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The fight for civil rights: Homosexuality and the Dominican Republic
For many years considered taboo in Latin America, homosexuality has recently become a prevalent topic of conversation in the Dominican Republic. In the Dominican Republic there are certain defined roles that men and women play and though strides have been made in the rest of Latin America to combat homophobia, it is still a staple of the Dominican identity to not understand, or even fear those who aren’t “men:” homosexuals. The most prominent, and feared, form of homosexuality is male homosexuality. Lesbianism is just as much of a taboo, but for a variety of reasons, is less feared. Lesbianism here, like in the United States, is viewed by many as less threatening, and by many men, as a sexual fantasy they would like to play out.

Driving the homophobic feelings on the island is the conservative background of the Dominican society, and the machismo driven rhetoric of the male population. Structuring the conservative mindset of Dominican culture is the strong presence of the Catholic Church. For many years a key figure in politics, society, and culture, the Church has played a hand in creating the conservative atmosphere that is subtly opposed to homosexuality, in any form, on the island. This is held evident in recent comments by the Cardinal of Santo Domingo, Nicolas de Jesus Lopez Rodriguez. The Cardinal affirmed in comments that the Church does not discriminate against homosexuals, but that they do not belong in seminaries. He stated that “we must have a healthy, intelligent, and manly clergy that is neither effeminate nor womanly,” but that “homosexuality is a disorder that can be corrected and managed.” Finally, the Cardinal emphasized the need to train "serious men with all of the attributes that God has given them so that they may exercise their ministry with dignity." The Cardinal’s comments clearly verbalize the sentiments of many Dominicans on the island. Whether the comments are correct is not the core issue at hand, but the comments highlight the underlying issue of homophobia. The words of Cardinal Lopez Rodriguez express the subtle attitudes of Dominicans towards homosexuality, and ultimately provide a window of opportunity into understanding the current view point on the issue. The Cardinal’s opinion is a light one by example, and his assertion that homosexuality is a disease, that can be cured, can be seen a symbol of the misinformation that many Dominicans are raised with, and ultimately believe in.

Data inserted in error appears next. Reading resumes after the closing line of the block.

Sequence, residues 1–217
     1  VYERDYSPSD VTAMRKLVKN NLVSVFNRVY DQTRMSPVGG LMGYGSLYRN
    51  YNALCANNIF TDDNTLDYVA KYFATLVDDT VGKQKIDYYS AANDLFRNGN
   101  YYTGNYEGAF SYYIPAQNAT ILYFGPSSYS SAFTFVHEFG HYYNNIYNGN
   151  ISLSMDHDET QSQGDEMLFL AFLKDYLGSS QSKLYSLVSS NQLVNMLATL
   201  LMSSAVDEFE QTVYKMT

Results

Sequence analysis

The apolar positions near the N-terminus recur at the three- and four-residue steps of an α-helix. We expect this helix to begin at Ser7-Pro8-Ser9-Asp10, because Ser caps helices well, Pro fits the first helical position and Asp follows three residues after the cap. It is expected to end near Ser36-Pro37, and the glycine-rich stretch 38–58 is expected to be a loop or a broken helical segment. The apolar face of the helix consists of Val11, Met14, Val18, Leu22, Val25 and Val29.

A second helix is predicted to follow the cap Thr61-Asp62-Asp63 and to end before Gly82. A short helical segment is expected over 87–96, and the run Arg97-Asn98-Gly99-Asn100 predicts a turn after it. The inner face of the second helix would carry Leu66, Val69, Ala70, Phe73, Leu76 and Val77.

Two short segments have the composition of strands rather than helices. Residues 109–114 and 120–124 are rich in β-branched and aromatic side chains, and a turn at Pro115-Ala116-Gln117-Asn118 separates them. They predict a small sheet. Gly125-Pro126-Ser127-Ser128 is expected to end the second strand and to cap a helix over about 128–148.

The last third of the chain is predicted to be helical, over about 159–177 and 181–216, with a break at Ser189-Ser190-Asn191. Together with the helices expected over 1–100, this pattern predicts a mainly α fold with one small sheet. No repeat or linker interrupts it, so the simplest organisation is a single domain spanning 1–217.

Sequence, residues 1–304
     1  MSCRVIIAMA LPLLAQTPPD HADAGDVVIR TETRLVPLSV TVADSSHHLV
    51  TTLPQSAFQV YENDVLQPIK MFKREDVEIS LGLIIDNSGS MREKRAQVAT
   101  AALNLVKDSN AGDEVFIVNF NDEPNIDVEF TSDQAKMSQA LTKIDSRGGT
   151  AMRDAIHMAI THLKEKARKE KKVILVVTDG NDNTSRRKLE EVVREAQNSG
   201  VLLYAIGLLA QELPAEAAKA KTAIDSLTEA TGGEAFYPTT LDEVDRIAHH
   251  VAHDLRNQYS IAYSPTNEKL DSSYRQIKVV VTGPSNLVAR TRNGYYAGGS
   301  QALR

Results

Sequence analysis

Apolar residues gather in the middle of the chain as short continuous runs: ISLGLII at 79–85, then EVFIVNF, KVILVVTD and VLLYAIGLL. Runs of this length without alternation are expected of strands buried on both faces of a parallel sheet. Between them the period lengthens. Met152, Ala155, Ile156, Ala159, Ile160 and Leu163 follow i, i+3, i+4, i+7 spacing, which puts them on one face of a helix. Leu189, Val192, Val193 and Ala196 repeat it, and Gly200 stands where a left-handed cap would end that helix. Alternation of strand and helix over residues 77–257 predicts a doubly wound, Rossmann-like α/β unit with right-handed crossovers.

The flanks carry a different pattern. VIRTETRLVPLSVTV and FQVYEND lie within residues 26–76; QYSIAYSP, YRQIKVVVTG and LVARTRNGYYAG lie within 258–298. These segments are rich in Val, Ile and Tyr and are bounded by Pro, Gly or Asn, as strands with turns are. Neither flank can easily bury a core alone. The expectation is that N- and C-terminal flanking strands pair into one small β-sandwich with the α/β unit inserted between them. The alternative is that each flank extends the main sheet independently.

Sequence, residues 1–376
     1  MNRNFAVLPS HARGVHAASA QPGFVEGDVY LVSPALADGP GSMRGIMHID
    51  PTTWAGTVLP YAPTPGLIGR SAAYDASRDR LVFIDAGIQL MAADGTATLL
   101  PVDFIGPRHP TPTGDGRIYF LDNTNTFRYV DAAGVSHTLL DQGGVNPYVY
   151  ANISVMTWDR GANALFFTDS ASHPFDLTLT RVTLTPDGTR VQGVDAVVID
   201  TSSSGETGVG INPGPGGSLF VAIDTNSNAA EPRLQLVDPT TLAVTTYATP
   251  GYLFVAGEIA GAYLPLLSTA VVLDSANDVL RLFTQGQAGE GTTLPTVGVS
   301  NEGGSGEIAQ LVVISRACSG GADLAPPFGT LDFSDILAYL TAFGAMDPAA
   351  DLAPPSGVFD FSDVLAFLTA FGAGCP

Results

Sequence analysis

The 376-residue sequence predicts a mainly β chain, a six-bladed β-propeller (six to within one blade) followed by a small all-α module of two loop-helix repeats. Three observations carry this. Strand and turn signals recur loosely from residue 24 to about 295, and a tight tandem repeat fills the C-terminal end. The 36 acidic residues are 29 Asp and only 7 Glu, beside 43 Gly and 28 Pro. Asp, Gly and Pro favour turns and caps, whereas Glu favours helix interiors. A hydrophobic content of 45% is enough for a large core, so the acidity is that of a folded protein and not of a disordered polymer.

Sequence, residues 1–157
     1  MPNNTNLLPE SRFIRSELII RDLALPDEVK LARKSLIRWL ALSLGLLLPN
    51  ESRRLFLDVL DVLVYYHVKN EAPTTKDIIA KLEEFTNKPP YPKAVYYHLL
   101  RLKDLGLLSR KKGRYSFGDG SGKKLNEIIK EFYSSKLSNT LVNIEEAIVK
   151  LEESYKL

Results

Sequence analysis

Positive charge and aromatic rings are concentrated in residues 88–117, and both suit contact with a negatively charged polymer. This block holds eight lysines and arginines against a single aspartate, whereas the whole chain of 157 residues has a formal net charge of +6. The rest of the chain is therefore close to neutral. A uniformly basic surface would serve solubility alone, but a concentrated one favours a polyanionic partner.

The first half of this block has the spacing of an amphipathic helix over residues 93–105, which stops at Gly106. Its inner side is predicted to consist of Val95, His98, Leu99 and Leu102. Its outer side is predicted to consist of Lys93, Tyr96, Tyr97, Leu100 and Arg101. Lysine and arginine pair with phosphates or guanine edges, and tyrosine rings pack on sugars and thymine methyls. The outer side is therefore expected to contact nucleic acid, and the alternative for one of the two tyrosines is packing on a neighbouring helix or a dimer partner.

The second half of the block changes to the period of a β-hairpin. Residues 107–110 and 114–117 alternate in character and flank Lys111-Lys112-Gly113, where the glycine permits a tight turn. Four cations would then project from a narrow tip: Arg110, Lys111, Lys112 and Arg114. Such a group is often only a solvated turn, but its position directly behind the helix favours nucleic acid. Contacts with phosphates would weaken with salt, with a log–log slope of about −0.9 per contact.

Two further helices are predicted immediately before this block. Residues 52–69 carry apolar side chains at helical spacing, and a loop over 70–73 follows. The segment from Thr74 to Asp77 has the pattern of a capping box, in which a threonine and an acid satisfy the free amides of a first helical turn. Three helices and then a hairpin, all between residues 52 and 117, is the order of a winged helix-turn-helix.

There are no varying degrees of homosexuality, though in certain circles within Latin America to be homosexual, and partaking in homosexual acts, are mutually exclusive. In the Dominican Republic a male who has sex with another male, supposedly maintains his masculinity if he is the one penetrating, and not being penetrated. This is because to be the “penetrator” implies a construction of power, and the man who is penetrating is in control, therefore still a man. Even in the jail cultures this is evident, as those who perform oral sex are ‘gay,’ while those who receive it are “straight.” The simple point of being considered a man, even after partaking in a perceived homosexual act, is an insight that cannot be overlooked. The importance of this fact can be tied into the machismo rhetoric that is played out daily in the lives of men and women across the island. According to machismo attitudes, a man is strong, courageous, and brave. He is always in control, never ‘bowing’ to anyone, while in turn the female is an inferior, non-controlling being. She is somewhat of a non-valued, submissive object whose sole purpose is to clean the house, or bear children. Even in sex, the woman is expected to be submissive, and in marital relations a male feels it is his right to seek out extra-marital affairs, while the women are forbidden these same ‘privileges.’ Through the male/female dichotomy in the Dominican Republic we can juxtapose the male/male dichotomy of the “penetrator,” who is still a man because he is “penetrating,” he is still in control. He is the man because in the sexual act he plays the role of the man; he is neither controlled nor submissive, as women typically are. His partner is inevitably labeled to play the role of the ‘submissive,’ so ultimately he is the homosexual for engaging in that role. We must note here the subtlety that equates homosexuality and femininity. Consequently, though the act is of a homosexual nature, the power structure attributed to the act creates a justification for the classification of gay/not gay. These men, though they never reveal their identities, are known as a “bugarron.” In the Dominican Republic these dichotomies in the end don’t mean much, as both men who partake in any form of homosexual activities, or even have the appearance of an effeminate male, are ostracized or considered gay by the society at large. Men who behave in an effeminate manner, or who are suspected of playing the passive role in same-sex intercourse, bear the brunt of social stigma because in doing so they ceded their claims to manly status.
 
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